Articles by Richard Angell
Richard Angell is director of Progress and a member of the Labour party's National Policy Forum representing the trade union, Community Union. He tweets @RichardAngell

The truth behind the Tories’ pro-gay rhetoric

Richard Angell  |  24 July 2008

The Tories have been falling over themselves to demonstrate their new 'pro-gay' credentials as a symbol that they are no longer the nasty party. But it is on their more recent record that they should be judged.

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Zimbabwe: hope lies with the young

Richard Angell  |  20 June 2008

As the foreign minister of Tanzania says of the situation in Zimbabwe, ‘there is little chance of the elections being free and fair'. The mind of progressives must be focused on the battle for peace, justice and democracy that our brothers and sisters in Zimbabwe's trade unions have to wage.

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What’s moral any more?

Richard Angell  |  17 April 2008

The decision by the government to give three free votes on vital elements in the human fertilisation and embryology bill so that some senior members of the government don't feel the need to resign on ‘moral' grounds is both sad and problematic. It suggests that a religiously held belief is more important, or more substantial, than a non-religiously held belief. In the immediate context, and moving beyond the theoretical arguments, is demonstrates a disregard for those loyal members of the Parliamentary Labour Party who voted through the abolition of the 10p rate of tax against their better judgement. I do not want to go into detail on the 10p rate on tax, but we all know instinctively how this decision feels and we all know why. Helping the poor and disadvantaged is part of the lifeblood of the Labour movement. As a principle it is ingrained within the fabric of our party, and compelling arguments have been voiced on how this principle has been compromised by the abolition of the lower tax rate.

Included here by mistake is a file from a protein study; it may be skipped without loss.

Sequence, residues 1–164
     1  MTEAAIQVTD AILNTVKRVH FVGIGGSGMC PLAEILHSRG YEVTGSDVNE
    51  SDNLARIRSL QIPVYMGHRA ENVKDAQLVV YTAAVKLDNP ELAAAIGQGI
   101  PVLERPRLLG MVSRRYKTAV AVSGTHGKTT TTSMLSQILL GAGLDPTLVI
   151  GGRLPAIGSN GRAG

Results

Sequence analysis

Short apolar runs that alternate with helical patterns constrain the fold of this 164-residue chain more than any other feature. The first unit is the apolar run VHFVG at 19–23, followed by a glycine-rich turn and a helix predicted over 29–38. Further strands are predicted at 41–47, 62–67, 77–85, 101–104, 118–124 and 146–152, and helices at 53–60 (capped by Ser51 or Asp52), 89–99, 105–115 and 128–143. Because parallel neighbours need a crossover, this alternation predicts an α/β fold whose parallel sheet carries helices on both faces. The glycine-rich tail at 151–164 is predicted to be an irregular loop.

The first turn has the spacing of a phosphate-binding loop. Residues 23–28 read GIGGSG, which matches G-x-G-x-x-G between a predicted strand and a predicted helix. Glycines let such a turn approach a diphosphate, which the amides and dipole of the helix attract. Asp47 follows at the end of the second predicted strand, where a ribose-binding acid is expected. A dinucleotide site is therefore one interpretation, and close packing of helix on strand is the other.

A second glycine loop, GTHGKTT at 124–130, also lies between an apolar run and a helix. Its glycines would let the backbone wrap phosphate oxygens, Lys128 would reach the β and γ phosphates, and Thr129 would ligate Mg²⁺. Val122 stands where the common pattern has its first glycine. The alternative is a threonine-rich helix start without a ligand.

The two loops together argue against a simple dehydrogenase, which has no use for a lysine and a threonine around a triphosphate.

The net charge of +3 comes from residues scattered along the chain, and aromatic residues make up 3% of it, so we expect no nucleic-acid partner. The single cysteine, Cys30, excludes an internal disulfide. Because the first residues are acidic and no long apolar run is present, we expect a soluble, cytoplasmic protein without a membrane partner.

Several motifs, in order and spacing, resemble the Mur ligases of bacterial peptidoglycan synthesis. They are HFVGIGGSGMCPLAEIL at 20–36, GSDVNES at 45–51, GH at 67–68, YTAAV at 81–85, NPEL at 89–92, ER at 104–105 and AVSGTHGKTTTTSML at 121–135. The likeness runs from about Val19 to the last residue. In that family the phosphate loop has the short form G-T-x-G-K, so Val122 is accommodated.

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Labour must do more to encourage community participation among its members

Richard Angell  |  26 March 2008

I have recently received the honour of being invited to join the governing body of a school based in the heart of Lambeth. I was pleasantly surprised at my first meeting that I was one of about four or five under 30 and wondered how representative this was on the sector more widely. The uniqueness of my situation will not amaze anyone. I have long been an advocate young people becoming governors, especially current students in secondary school. I am proud that the Labour-led Welsh assembly government has pioneered requiring every secondary school to have two pupils on their governing body. If only Westminster would follow suit.

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